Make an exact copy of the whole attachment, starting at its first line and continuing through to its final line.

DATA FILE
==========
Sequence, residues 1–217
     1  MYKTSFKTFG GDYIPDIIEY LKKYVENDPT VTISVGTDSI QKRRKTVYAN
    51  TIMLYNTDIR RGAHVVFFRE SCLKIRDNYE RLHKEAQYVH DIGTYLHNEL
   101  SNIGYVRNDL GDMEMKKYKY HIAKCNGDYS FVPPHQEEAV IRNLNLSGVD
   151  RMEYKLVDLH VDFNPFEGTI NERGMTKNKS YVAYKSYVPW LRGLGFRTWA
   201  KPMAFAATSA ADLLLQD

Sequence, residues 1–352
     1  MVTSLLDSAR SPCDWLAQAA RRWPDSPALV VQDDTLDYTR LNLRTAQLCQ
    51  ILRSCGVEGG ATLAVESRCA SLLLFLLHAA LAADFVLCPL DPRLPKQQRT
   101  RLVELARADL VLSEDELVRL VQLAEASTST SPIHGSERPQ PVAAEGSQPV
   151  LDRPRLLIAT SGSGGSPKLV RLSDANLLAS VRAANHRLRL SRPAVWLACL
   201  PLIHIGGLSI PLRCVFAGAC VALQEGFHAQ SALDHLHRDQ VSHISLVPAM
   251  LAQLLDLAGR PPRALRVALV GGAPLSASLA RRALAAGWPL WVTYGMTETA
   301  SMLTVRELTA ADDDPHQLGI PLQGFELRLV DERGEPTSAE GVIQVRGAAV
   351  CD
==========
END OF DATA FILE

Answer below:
Sequence, residues 1–217
     1  MYKTSFKTFG GDYIPDIIEY LKKYVENDPT VTISVGTDSI QKRRKTVYAN
    51  TIMLYNTDIR RGAHVVFFRE SCLKIRDNYE RLHKEAQYVH DIGTYLHNEL
   101  SNIGYVRNDL GDMEMKKYKY HIAKCNGDYS FVPPHQEEAV IRNLNLSGVD
   151  RMEYKLVDLH VDFNPFEGTI NERGMTKNKS YVAYKSYVPW LRGLGFRTWA
   201  KPMAFAATSA ADLLLQD

Sequence, residues 1–352
     1  MVTSLLDSAR SPCDWLAQAA RRWPDSPALV VQDDTLDYTR LNLRTAQLCQ
    51  ILRSCGVEGG ATLAVESRCA SLLLFLLHAA LAADFVLCPL DPRLPKQQRT
   101  RLVELARADL VLSEDELVRL VQLAEASTST SPIHGSERPQ PVAAEGSQPV
   151  LDRPRLLIAT SGSGGSPKLV RLSDANLLAS VRAANHRLRL SRPAVWLACL
   201  PLIHIGGLSI PLRCVFAGAC VALQEGFHAQ SALDHLHRDQ VSHISLVPAM
   251  LAQLLDLAGR PPRALRVALV GGAPLSASLA RRALAAGWPL WVTYGMTETA
   301  SMLTVRELTA ADDDPHQLGI PLQGFELRLV DERGEPTSAE GVIQVRGAAV
   351  CD